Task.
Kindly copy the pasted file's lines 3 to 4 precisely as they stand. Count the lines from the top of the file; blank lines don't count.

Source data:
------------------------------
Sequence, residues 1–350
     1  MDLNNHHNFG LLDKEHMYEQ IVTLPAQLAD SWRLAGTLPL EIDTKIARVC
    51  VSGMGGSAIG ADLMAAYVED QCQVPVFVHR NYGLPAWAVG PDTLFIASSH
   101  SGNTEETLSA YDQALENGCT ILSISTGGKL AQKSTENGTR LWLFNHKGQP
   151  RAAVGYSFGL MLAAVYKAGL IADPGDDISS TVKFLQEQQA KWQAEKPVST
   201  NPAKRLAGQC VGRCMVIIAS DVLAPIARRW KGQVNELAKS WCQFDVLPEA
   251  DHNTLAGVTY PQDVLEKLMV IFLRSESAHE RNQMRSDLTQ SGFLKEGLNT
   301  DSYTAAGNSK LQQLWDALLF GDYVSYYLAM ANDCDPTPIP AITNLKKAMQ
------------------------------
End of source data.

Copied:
    51  VSGMGGSAIG ADLMAAYVED QCQVPVFVHR NYGLPAWAVG PDTLFIASSH
   101  SGNTEETLSA YDQALENGCT ILSISTGGKL AQKSTENGTR LWLFNHKGQP